I was talking with some folks over lunch about past phone’s I’ve owned. I’ve raided my memory and decided to put up ‘my history in phones’. What do you think?
2000: Ericsson A1018s
All I remember about this was it came free when you saved up enough Coca-Cola ring-pulls. Thankfully a friend of the family drank a lot of Coke. Back when this came out, all a phone could do was literally make calls and send texts. Unusual for its time, this model could store SMS in its own internal memory as well as on the SIM.
2001: Motorola T191
Wanting something a bit more stylish, I blew one my early paycheques on this baby. It made calls, and could send and receive SMS. It had a cool little ‘Bick’ came too. The vibrate motor was pretty substantial.
2002: Nokia 3330
Realising everyone else in my family (and the world) seemed to have a Nokia, I went for the 3330, they must be good – right? The 3330 was to the 3310 what was the iPhone 5S to the iPhone 5 – more memory and WAP in this case. More memory meant more space for custom icons, WAP meant getting football scores from the BBC on your lunch break.
2003: Nokia 3510i
Nokia had the best interface and the best battery life, so I stuck with them for my first colour phone. No camera, the colour screen was only for receiving MMS messages as I sure was going to be sending any without a camera. It used to lightup like a nightclub when it rang, great phone and served me well for many years after as a ‘backup phone’ for taking to festivals and places where it’s likely to get ruined.
2004: Nokia 6110i
While it might be cool to have the biggest phone possible these days, back in 2004 having the smallest was what it was all about. Not much of a change from the 3510i except mobile browsing was improved, and it let me share internet out to my PDA via infra-red.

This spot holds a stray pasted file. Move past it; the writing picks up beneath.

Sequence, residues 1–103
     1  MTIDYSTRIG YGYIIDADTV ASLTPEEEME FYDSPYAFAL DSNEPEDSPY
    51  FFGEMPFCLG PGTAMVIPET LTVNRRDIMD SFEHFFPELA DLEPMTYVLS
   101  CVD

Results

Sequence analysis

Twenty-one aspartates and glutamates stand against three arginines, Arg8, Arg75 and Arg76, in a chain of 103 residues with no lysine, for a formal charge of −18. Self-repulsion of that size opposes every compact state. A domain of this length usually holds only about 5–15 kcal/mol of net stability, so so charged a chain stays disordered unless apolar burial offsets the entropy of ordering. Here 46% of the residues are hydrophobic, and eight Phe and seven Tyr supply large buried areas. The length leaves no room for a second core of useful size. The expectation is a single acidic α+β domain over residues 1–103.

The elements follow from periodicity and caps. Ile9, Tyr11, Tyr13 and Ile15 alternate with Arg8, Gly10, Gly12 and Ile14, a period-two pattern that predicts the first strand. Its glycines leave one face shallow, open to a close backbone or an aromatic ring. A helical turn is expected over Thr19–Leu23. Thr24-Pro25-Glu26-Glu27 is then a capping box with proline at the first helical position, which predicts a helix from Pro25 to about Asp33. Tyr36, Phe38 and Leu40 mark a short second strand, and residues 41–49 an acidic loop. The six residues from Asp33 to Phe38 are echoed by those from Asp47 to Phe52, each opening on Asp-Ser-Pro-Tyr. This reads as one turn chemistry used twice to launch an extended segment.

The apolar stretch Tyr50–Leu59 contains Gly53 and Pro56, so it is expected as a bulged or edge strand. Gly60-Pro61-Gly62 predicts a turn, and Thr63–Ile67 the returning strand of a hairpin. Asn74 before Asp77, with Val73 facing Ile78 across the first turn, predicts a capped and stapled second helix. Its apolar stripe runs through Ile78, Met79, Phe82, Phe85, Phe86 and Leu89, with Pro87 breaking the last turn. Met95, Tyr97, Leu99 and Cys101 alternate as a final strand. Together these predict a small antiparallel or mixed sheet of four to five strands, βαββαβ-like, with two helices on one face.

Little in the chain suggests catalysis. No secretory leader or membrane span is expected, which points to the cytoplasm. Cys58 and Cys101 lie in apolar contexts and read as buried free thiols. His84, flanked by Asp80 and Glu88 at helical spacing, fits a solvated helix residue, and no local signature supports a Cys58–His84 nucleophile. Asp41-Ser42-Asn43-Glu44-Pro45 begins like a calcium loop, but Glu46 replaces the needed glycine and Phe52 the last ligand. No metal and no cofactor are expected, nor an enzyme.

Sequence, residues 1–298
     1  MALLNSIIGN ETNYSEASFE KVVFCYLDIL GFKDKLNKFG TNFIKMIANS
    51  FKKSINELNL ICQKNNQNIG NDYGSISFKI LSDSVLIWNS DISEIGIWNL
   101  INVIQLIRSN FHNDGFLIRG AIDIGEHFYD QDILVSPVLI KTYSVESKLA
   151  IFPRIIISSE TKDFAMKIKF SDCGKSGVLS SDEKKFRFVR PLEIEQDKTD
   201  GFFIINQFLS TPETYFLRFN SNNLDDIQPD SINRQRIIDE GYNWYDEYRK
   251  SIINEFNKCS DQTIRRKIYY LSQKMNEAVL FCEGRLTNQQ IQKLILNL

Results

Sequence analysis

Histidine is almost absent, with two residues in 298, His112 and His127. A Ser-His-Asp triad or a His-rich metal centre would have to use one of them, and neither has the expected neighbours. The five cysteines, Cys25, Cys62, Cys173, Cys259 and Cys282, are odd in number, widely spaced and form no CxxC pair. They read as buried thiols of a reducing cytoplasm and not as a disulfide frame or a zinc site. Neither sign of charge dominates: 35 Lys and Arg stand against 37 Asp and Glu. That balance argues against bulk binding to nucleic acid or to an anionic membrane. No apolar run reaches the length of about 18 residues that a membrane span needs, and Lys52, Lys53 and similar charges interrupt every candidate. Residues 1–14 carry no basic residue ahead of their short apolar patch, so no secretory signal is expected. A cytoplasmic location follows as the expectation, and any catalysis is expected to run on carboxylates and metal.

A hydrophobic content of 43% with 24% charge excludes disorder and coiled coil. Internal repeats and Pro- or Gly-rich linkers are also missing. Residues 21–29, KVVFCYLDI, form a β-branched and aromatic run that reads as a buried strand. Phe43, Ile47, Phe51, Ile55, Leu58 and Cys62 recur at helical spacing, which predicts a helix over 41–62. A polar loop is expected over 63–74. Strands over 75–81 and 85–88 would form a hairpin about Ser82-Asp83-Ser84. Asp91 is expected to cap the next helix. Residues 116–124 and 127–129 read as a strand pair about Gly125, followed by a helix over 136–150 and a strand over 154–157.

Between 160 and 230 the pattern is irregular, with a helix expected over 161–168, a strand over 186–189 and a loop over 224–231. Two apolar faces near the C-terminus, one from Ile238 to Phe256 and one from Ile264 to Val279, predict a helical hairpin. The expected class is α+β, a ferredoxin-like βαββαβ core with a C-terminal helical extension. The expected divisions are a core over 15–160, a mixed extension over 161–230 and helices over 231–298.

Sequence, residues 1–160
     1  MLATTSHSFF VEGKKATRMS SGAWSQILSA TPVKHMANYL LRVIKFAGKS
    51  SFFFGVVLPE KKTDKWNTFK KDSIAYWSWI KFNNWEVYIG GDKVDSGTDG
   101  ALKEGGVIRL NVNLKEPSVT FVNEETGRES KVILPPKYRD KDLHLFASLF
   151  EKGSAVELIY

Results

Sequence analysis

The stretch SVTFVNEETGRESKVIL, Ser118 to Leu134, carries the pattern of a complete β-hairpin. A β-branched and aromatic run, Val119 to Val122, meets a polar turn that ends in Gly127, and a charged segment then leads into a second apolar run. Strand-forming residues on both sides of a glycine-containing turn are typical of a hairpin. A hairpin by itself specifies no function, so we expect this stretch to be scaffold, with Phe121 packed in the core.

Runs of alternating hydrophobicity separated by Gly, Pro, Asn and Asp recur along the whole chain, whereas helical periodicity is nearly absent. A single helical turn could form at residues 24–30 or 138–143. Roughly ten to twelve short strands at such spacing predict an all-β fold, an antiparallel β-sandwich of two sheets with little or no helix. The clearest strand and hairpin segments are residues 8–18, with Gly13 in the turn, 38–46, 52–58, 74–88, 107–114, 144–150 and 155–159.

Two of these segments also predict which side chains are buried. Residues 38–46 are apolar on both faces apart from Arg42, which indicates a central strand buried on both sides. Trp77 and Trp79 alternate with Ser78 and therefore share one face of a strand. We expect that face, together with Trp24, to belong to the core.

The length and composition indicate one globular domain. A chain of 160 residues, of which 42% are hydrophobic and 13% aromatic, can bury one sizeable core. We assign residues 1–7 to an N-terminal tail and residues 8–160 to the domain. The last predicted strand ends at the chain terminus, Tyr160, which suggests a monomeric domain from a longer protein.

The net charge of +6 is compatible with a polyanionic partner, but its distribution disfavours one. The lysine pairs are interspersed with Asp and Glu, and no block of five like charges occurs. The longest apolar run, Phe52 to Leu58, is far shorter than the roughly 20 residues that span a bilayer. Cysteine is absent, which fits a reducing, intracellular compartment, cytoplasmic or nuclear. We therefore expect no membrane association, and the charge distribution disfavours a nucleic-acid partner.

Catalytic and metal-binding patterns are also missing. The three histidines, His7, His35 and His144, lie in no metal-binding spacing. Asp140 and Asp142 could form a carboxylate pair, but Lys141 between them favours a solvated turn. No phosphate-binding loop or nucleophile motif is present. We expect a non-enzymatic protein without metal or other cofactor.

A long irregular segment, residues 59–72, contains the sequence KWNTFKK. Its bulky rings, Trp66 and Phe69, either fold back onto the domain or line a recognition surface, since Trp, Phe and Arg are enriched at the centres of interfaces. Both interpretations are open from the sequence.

2004: Nokia 6630
My first smartphone. It was also my first 3G phone and was capable of making video calls, although it had no camera on the front. Instead it came with a desk stand that would allow you to point the rear camera at yourself. The on-board software was pretty amazing for its time – email, browsing, MP3 Support, even a little app that would put photos and video together into one long video and with background music (iMovie does this to this day). Two phones in one year? I think I took out some form of insurance that allowed me to return my phone and get a new one anytime I liked (at the expense of getting a new phone number, unfortunately)
2005: Nokia 6020
While I had enjoyed my first foray into smartphones, I the 6630 was underpowered and something as simple as opening the Contacts app would take about 10 seconds. So I decided to switch back to a ‘classic’ Nokia. By now Series 40 phones had quite a few smart features themselves: background email checking, mobile web browsing, ‘Push to Talk’ to name a few.
2005: MDA Vario (AKA HTC Wizard)
The geek in my needed a smartphone, this one ran Windows Mobile 5. It was very cool, it had a full keyboard and meant you could do really advanced things for the time such as connect to a WiFI network (!), crop photos, run an RDP session to your PC and edit Office documents. Unfortunately unlike a Nokia, the alarm could not be relied upon to wake you up in the morning – it would regularly fail to go off or crash. I remember spending a lot of time hunting for jobs when I had this phone, and having a decent email client really came into its own. The stylus used to keep falling out, eventually I lost it I think.